Is chocolate bad for cats?

Is chocolate bad for cats?

Is chocolate really all that bad for cats?

If you suspect your cat has consumed chocolate, please call your vet immediately! Or call the Pet Poison Helpline at 855-764-7661.


Humans love chocolate. Sometimes our pets do to – but it is very toxic to them. There are ingredients derived from the cacao plant which are particularly toxic to cats. Theobromine and caffeine can lead to serious medical issues. Cats did not evolve to digest these types of foods like humans can, so even a tiny amount can lead to toxicity.


The toxic dose of theobromine in cats is 200 mg/kg but different types of chocolate have different amounts of theobromine in it. The darker the chocolate the more theobromine is contained in it. Baking chocolate or popular super dark chocolate bars have the highest content. These would put a cat at a much higher risk for death than the same oz of milk chocolate. For example a common size chocolate bar is 3oz – it only takes 0.2oz to put your cat into extreme danger.


The most common time that pets get into your chocolate stash is during the holidays, such as Easter, Halloween, and Christmas – so be extra vigilant to keep your chocolates locked up during these times, and keep your cat out of the kitchen as you bake your holiday treats. Child safety locks on the cabinet where you keep your chocolates are a very inexpensive way to ensure the safety of your furr-baby.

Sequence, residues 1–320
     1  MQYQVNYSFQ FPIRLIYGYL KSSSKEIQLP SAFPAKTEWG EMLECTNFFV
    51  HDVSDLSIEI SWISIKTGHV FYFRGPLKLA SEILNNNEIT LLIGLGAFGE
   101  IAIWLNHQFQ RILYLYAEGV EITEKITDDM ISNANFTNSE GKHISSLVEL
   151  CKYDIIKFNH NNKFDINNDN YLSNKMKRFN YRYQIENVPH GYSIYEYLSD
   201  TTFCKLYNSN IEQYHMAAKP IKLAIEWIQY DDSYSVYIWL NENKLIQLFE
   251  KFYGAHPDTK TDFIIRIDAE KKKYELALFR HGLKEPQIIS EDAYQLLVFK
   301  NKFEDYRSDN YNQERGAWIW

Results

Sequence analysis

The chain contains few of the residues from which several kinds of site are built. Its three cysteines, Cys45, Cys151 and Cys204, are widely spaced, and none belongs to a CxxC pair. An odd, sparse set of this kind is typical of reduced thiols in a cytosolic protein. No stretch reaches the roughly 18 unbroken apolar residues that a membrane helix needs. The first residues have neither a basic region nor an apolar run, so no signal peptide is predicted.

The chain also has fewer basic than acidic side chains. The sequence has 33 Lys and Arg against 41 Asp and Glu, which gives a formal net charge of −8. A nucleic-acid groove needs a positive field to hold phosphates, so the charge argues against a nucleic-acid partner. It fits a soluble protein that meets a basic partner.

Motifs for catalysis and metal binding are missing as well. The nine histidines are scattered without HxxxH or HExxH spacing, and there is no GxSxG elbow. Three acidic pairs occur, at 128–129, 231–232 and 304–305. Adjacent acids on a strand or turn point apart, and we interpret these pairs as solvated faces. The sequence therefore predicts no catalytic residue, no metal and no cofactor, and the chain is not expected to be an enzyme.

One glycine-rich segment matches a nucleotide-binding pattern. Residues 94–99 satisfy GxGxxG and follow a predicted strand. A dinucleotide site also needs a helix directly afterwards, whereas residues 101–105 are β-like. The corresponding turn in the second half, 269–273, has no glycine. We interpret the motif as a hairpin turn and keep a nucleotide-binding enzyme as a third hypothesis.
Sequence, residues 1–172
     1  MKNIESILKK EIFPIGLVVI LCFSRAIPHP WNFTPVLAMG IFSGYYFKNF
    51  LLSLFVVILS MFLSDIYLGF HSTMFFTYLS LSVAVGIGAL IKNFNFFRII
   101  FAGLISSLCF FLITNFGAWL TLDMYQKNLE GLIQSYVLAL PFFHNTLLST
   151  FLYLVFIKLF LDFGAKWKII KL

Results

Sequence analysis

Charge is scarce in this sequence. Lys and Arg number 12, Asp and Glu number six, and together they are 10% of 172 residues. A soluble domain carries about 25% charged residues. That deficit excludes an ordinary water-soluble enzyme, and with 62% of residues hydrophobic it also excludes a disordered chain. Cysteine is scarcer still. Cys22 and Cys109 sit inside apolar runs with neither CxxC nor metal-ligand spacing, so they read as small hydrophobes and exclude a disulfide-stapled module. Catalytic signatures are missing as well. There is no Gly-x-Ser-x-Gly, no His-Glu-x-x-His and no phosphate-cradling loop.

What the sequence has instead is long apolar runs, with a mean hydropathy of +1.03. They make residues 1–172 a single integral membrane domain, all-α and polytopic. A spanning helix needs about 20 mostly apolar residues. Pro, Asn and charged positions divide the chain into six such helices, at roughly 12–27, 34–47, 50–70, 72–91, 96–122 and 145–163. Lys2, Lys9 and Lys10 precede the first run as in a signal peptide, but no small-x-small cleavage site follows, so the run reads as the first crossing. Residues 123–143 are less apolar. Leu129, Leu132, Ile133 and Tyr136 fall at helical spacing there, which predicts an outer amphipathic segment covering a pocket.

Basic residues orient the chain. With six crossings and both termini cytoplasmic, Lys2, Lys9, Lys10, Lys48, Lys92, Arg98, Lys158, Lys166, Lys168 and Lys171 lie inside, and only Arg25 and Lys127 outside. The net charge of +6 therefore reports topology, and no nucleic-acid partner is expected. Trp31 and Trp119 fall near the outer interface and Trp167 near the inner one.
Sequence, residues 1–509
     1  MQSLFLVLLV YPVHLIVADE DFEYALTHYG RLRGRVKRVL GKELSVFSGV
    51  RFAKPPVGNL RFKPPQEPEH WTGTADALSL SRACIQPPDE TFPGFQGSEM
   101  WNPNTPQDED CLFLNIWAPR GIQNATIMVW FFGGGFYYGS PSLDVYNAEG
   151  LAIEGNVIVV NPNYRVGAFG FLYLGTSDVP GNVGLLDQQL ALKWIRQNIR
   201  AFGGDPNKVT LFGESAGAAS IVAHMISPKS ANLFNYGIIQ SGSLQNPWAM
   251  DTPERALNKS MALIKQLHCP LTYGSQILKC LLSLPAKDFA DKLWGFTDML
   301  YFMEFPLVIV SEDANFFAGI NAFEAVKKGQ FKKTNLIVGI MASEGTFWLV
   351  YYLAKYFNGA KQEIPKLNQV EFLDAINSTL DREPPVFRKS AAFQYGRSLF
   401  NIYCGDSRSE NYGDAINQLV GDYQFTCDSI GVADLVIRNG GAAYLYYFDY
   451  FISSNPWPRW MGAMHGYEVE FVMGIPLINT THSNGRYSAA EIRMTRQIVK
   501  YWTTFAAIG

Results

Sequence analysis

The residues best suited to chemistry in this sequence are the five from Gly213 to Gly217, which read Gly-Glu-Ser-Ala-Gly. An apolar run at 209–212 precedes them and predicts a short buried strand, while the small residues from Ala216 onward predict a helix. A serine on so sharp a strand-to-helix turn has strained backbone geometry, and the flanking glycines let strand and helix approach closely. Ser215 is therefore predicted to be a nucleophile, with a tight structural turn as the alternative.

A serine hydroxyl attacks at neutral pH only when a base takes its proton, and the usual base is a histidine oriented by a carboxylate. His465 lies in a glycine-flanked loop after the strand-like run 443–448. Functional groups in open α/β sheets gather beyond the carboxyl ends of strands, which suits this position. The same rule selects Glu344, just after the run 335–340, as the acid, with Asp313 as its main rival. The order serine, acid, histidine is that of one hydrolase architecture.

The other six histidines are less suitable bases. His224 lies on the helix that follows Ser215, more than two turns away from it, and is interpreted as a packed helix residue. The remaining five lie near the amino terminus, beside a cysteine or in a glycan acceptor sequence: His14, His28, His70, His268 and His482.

Cats cannot taste ‘sweet’ so they typically don’t get into the chocolates as frequently as dogs do, but they may be attracted to the shiny and crinkly wrappers and inadvertently eat it. The design of the cat’s tongue does not allow them to spit something out. Once it’s in their mouth they have to swallow it - of course unless it’s medicine, then they figure out how to spit that pill out!


Another danger can be the wrapper the cat may have also consumed along with the chocolate, which could cause serious issues in its digestive tract.


It’s helpful to have the following information ready, if possible:


  • When the ingestion occurred
  • The name of the specific product that was ingested (wrappers are ALWAYS helpful if you can bring them)
  • The amount of chocolate you think your cat ate
  • The weight of your cat
  • List of clinical signs you’ve noticed

 Again, if you think your pet has consumed chocolate or candies, it’s best to seek medical attention asap!